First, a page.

Amyclae

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Map (in Spanish) of ancient southern Peloponnesia; Amyclae is the city titled "Amiclas" just south of Sparta (Esparta).

Amyclae (Ancient Greek: Ἀμύκλαι) was an ancient city of Laconia, situated on the right or eastern bank of the Eurotas, 20 stadia south of Sparta, in a district remarkable for the abundance of its trees and its fertility.[1][2] Amyclae was one of the most celebrated cities of Peloponnesus in the heroic age. It is, said to have been founded by the Lacedaemonian king Amyclas, the father of Hyacinthus, and to have been the abode of Tyndarus, and of Castor and Pollux, who are hence called Amyclaei Fratres.[3] Amyclae is mentioned by Homer,[4] and it continned to maintain its independence as an Achaean town long after the conquest of Peloponnesus by the Dorians.

According to the common tradition, which represented the conquest of Peloponnesus as effected in one generation by the descendants of Hercules, Amyclae was given by the Dorians to Philonomus, as a reward for his having betrayed to them his native city Sparta. Philonomus is further said to have peopled the town with colonists from Imbros and Lemnos; but there can be no doubt that the ancient Achaean population maintained themselves in the place independent of Sparta for many generations. It was only shortly before the First Messenian War that the town was conquered by the Spartan king Teleclus.[5] The tale ran, that the inhabitants of Amyclae had been so often alarmed by false reports of the approach of the enemy, that they passed a law that no one should mention the subject; and accordingly, when the Spartans at last came, and no one dared to announce their approach, "Amyclae perished through silence:" hence arose the proverb Amyclis ipsis taciturnior.[6] After its capture by the Lacedaemonians Amyclae became a village, and was only memorable by the festival of the Hyacinthia celebrated at the place annually, and by the temple and colossal statue of Apollo, who was hence called Amyclaeus. The throne on which this statue was placed was a celebrated work of art, and was constructed by Bathycles of Magnesia. It was crowned by a great number of bas-reliefs, of which an account is given by Pausanias.[7]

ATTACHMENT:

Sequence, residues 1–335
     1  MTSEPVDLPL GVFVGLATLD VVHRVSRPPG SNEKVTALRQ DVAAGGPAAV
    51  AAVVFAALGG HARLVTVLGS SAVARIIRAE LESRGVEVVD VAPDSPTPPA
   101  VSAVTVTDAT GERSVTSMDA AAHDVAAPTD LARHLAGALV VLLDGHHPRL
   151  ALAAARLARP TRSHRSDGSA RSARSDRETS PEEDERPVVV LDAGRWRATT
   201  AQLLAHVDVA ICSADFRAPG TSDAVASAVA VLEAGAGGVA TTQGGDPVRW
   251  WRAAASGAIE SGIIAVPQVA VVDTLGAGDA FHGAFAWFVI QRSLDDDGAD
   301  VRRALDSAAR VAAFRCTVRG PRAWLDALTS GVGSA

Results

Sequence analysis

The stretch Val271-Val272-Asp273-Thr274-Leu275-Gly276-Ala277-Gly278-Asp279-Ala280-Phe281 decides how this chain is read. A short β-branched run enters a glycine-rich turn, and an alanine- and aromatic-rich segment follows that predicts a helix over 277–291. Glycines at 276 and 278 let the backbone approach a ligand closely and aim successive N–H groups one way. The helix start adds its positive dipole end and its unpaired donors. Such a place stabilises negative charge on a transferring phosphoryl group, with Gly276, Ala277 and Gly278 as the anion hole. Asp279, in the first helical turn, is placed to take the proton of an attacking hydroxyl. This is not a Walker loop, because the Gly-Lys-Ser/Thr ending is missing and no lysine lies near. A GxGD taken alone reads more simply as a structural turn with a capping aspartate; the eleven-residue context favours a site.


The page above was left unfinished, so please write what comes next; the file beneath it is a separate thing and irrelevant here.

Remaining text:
Amyclae is located approximately 2 kilometres (1.2 mi) northeast of the modern village of Amykles, named after the ancient city. Whilst excavating the site, William Martin Leake discovered an imperfect inscription, the letters ΑΜΥ following a proper name, and leaving little doubt that the incomplete word was ΑΜΥΚΛΑΙΟΥ.[8]

References[edit]

  1. ^ Polybius. The Histories. 5.19.
  2. ^ Livy. Ab Urbe Condita Libri (History of Rome). 34.28.
  3. ^ Pausanias. Description of Greece. 3.1.3.
    Stat. Theb. 7.413.
  4. ^ Homer. Iliad. 2.584.
  5. ^ Strabo. Geographica. p. 364. Page numbers refer to those of Isaac Casaubon's edition.
    Conon 36; Pausanias. Description of Greece. 3.2.6.
  6. ^ Serv. ad Virg. Aen. 10.564.
  7. ^ Pausanias. Description of Greece. 3.18.9. et seq.
  8. ^ Leake, Morea, vol. i. p. 135, et seq., Peloponnesiaca, p. 162.

 This article incorporates text from a publication now in the public domainSmith, William, ed. (1854–1857). "Amyclae". Dictionary of Greek and Roman Geography. London: John Murray.